Public Attitudes toward Church and State

By Ted G. Jelen; Clyde Wilcox | Go to book overview
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Foreword

The world bears witness to much sectarian religious violence. Bosnia, Northern Ireland, and, of course, the Middle East illustrate the extent and persistence of the problem. In the name of religion people fortify and fight for their beliefs. In the process they impinge on the interests, needs, and rights of others.

Americans, thankfully, have been spared much of this violence. Religious controversy in the United States has occurred primarily within the legal and political system rather than outside it.

Political conflict over religious beliefs is what we would expect in a free society that respects these beliefs but prohibits the antisocial behavior they may sometimes promote. The framers of the American Constitution got it right. Their solution to protecting the nation's rich but diverse religious heritage was to create a system in which religion and religious organizations could flourish but not dominate the social order. The constitutional embodiment of this solution was the First Amendment's establishment and free exercise clauses plus the absence in the document of any religious tests for holding office.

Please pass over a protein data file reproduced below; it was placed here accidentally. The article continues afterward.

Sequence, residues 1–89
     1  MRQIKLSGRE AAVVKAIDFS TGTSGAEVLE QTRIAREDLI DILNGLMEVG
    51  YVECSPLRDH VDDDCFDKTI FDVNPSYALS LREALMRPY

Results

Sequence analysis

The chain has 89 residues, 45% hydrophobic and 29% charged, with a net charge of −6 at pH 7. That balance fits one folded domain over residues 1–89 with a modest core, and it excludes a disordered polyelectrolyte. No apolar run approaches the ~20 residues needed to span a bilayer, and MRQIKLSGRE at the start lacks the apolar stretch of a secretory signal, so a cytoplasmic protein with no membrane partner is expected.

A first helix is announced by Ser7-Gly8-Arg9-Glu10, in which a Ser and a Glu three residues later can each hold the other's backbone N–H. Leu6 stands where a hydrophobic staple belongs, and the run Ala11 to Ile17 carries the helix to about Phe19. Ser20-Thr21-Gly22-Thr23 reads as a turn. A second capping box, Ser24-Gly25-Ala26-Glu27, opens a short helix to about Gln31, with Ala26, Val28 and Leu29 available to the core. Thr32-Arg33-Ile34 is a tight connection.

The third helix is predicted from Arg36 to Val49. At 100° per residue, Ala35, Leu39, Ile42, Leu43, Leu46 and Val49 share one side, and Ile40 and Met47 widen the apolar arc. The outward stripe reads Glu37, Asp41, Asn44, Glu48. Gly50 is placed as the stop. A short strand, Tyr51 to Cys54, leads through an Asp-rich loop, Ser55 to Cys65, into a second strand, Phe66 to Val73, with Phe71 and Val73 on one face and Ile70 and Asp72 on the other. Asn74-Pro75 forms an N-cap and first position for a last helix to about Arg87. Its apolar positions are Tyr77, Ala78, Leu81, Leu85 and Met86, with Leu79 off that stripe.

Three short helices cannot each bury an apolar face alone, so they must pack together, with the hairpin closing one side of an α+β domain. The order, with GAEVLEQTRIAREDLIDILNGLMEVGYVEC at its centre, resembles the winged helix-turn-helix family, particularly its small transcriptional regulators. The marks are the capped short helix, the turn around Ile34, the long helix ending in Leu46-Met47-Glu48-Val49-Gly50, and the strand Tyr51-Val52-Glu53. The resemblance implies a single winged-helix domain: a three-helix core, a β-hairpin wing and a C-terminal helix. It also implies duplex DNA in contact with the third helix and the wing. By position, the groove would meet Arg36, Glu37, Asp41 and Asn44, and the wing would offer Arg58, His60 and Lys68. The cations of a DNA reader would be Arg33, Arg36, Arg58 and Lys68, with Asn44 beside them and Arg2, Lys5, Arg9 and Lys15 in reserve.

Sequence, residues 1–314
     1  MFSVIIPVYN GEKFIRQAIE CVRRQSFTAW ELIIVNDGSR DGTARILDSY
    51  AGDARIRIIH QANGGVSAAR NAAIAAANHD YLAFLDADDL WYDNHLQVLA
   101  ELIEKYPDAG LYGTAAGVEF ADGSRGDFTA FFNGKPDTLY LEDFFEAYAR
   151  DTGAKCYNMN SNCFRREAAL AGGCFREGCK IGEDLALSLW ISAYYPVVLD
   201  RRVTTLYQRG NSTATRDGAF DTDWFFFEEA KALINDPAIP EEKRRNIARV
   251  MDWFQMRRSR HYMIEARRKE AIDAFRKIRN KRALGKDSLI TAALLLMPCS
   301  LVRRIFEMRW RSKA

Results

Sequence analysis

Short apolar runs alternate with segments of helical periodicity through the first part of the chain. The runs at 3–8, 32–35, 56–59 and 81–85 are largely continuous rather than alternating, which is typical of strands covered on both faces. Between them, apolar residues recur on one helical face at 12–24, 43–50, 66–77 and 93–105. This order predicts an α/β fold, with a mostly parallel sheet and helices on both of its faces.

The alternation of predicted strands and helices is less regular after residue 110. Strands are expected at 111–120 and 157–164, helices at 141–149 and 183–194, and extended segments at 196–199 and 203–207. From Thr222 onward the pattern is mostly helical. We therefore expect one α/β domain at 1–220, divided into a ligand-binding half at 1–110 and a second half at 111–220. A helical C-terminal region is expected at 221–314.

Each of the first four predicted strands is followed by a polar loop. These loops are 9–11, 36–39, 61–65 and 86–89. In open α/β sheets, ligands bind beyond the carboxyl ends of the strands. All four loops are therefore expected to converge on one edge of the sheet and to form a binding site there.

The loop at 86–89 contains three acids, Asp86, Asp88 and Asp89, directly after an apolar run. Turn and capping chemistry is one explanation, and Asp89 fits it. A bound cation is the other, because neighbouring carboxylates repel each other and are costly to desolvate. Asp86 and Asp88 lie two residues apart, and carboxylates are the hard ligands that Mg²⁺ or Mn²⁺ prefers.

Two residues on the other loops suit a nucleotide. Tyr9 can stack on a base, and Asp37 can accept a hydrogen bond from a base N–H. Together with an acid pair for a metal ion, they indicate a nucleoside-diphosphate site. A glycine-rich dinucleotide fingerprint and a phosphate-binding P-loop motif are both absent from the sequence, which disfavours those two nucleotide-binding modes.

The politics of protecting the free exercise of religion and preventing the establishment of religion have changed over the years as succeeding generations have attempted to redefine constitutional boundaries in a manner that conforms to their beliefs and practices. Today those politics impact on the policy debates over the role of government in society, the parameters of federalism, the dimensions of the welfare state, and the issues of crime, punishment, and due process of law. How far should government go in permitting or preventing religious activities? Should the national government impose standards on the states in the name of basic individual rights? Where should the

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